‘Truly remarkable’: WA premier praises effort to save Perth hills township from raging bushfire

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The West Australian township of Shady Hills has been saved after it was threatened by an out-of-control bushfire in the Perth hills, authorities say.

The WA premier, Mark McGowan, said on Thursday it was “truly remarkable” that the township had been saved “given the ferocity of the fire”. He also revealed the number of known property losses from this week had been revised up to 81.

“As far as we know, no additional homes have been lost overnight, thanks to the incredible work of our fireys,” McGowan told reporters.

But, he said, the overall toll from the Wooroloo fire, which started on Monday, was “almost too much to comprehend”.

By Thursday afternoon, authorities said crews had completely stopped any spread to Shady Hills and Avon Ridge, two of the areas that were of most concern.

The Department of Fire and Emergency Services (DFES) deputy commissioner, Craig Waters, said although 90% of the fire had been mapped that did not mean they had brought it under control.

“Crews worked extremely hard, in trying conditions, and managed to stop any spread to Shady Hills and Avon ridge,” Waters said.

“The strong winds will pose some troubles and issues overnight [into Friday], however, the consistent wind direction will hopefully enable us to avoid having to deal with outbreaks in unexpected areas.”

The deputy commissioner said the key focus was the northern side of the blaze. “Crews will be focusing on managing any hop-overs or any breakaways, as well as consolidating the containment lines they’ve already established,” he said.

The rugged terrain had posed multiple challenges to the firefighters, with Waters saying they had resorted to “old-fashioned” tools to combat the fire.

DFES commissioner, Darren Klemm, had earlier said a strategy to lay fire retardant lines helped contain the fast-moving fire overnight but conditions continued to prove difficult to manage.

“No loss of homes overnight was a great outcome, and it is a credit to the strategies that were put in place by the incident management team, and backed up by the firefighters on the ground in incredibly difficult conditions overnight,” he said.

“Today we’ve got over 260 firefighters on the fire ground. All of the aircraft are in use currently except for the fixed-wing water bombers due to the wind.”

The City of Swan mayor, Kevin Bailey, told the ABC there were unconfirmed reports of at least one additional home destroyed in the township of Bullsbrook.

“I think there’s an expectation we’ll have some more,” he said.

The fire was burning through thick, dense uphill terrain with 70km/h easterly gusts pushing it north-west towards the city’s coastal plain.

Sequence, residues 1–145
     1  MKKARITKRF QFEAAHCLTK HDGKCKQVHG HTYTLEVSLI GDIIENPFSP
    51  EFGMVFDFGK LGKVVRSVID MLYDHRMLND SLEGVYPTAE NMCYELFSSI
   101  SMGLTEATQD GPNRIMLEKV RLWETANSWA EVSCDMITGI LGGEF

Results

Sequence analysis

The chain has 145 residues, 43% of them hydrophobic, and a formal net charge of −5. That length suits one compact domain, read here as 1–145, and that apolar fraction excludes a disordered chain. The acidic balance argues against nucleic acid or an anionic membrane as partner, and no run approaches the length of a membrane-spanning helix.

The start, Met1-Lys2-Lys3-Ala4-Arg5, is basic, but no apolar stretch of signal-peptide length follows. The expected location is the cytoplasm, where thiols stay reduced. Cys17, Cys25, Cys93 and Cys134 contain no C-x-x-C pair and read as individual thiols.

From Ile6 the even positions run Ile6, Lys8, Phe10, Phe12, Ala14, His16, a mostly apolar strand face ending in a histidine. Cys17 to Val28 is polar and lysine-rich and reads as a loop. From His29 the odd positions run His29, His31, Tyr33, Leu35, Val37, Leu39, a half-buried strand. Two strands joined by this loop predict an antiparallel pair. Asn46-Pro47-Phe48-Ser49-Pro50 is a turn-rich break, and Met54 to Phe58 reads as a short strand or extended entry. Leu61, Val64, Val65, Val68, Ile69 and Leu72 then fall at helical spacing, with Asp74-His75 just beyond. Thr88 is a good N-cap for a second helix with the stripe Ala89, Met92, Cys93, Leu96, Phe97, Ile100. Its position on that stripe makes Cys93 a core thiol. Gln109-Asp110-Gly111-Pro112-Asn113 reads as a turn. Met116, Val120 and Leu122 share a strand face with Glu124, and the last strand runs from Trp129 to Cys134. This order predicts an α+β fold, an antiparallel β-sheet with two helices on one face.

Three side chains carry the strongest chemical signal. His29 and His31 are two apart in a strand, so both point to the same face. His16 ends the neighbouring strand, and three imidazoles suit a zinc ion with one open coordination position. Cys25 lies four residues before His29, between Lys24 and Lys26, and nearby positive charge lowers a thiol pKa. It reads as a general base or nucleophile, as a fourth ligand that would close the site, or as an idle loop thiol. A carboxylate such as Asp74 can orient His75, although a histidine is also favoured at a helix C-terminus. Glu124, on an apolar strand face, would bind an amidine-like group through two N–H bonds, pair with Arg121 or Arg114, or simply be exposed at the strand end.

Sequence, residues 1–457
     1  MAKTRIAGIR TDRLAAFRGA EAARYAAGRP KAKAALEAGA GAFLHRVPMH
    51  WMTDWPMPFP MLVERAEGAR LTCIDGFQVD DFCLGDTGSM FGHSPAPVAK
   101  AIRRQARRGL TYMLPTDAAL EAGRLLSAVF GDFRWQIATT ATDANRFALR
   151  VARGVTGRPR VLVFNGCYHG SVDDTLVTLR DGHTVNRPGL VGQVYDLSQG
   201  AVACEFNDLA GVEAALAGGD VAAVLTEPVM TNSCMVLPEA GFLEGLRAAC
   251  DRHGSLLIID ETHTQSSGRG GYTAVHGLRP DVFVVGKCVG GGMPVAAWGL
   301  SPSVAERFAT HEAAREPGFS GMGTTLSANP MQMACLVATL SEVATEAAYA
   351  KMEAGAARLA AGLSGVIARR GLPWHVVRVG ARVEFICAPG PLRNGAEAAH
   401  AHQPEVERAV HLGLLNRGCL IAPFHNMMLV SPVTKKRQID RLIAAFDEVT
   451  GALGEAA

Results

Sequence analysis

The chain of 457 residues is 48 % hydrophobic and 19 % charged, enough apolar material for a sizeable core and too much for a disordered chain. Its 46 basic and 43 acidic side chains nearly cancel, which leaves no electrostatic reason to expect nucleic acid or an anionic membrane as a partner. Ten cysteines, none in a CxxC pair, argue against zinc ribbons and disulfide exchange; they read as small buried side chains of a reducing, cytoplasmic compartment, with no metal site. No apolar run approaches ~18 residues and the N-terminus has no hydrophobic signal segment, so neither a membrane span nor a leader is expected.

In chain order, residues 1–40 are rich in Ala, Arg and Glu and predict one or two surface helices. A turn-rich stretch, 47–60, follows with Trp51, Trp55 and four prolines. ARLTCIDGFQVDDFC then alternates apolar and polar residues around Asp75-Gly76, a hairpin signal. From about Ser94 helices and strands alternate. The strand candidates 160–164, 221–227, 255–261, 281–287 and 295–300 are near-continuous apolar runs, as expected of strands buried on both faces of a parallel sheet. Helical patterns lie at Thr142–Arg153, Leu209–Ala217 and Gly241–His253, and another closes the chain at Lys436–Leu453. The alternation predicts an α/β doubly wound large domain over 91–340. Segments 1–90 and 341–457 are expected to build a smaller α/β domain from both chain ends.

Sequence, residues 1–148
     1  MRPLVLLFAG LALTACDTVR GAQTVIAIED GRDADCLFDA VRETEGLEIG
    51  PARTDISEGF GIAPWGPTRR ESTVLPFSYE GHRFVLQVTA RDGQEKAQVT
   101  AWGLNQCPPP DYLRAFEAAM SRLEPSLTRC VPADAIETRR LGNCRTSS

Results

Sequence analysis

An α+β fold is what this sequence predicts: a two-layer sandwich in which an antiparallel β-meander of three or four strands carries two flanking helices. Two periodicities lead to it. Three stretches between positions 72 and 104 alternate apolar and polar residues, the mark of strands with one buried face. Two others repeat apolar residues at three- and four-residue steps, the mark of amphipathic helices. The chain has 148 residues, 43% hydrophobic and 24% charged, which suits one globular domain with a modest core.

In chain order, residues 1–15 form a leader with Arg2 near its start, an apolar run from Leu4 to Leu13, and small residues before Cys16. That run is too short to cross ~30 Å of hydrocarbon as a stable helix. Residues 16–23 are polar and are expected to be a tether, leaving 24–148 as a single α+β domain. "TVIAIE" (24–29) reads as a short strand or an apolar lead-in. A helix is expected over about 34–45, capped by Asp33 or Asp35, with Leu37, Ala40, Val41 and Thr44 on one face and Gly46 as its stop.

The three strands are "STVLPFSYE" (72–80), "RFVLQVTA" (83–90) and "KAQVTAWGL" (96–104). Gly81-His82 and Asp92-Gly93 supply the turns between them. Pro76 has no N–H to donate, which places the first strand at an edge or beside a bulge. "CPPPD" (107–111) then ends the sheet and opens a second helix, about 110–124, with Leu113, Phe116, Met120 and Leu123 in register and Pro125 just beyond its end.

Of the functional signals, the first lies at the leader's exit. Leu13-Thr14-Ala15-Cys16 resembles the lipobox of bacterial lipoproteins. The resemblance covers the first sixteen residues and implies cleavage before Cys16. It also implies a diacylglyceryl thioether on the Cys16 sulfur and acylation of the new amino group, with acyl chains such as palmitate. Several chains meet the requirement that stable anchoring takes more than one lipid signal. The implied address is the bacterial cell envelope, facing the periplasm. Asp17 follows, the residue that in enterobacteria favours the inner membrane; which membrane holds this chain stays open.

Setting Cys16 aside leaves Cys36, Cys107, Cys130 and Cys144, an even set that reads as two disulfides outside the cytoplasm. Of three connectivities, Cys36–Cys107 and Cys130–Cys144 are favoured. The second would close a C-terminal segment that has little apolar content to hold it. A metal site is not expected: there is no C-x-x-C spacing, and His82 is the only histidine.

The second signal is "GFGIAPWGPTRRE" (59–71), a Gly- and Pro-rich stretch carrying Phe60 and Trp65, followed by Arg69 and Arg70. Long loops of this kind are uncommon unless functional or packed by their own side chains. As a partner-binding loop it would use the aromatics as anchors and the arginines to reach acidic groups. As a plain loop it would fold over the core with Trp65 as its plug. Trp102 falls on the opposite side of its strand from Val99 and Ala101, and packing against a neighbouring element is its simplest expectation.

Incident controller Peter Sutton said fire retardant lines would be tested by winds on Thursday.

“We had a number of properties which became under threat overnight, including in the Avon Ridge Estate, around the Great Northern Highway, and also Shady Hills came under threat, as well as properties in Clinton Road,” he told the ABC on Thursday morning.

“The Shady Hills area was one of our biggest concerns, and the fire ran up the Avon Ridge, Avon Valley there into Shady Hills and was successfully stopped by the retardant line that we dropped yesterday. So the large air tanker dropped 11 loads yesterday and a total of 200,000 litres of retardant.

“Today we’re going to experience strong easterly winds over the fire ground, which will still test those boundaries on the western and northern side.”

A number of firefighters had been injured while tackling the blaze with some suffering minor burns. A man was taken to Royal Perth hospital with hip injuries after he fell out of a vehicle. He was in a stable condition.

The local mayor said very few people had decided to stay in the area overnight.

“I was in Shady Hills last night, and there wasn’t a lot of people around at all that we could see in terms of house lights on,” Bailey said. “Very, very, very little traffic, if any, within the entire township of Bullsbrook. So, I don’t think there’s a lot of people that have decided to stay in Shady Hills, particularly.”

The DFES warned people in Gidgegannup to actively defend their homes only if they were prepared to the highest level.

A full list of areas with evacuation or shelter in place orders was available on the DFES emergency map.

With the fire raging since Monday, many people had been forced to shelter in evacuation centres for multiple days, but Bailey said spirits were still high.

“They’re very upbeat. Because it is only early, we haven’t got that impatient need to get back home. They understand that we’re still dealing with a very aggressive fire that is far from under control and contained,” he said.

An air quality warning was issued for the northern suburbs of Perth as the wind blew heavy smoke towards the city. Communities north of Gnangara Road and Ocean Reef Road had been told to turn on their headlights and drive slowly as smoke could reduce visibility on the road. Drivers were told to pull over if the smoke became too dense.

“The smoke is not expected to clear for another several days,” the warning stated.

The federal government announced one-off disaster recovery payments to those who had been impacted by the fire, with $1,000 available for adults and $400 for children.





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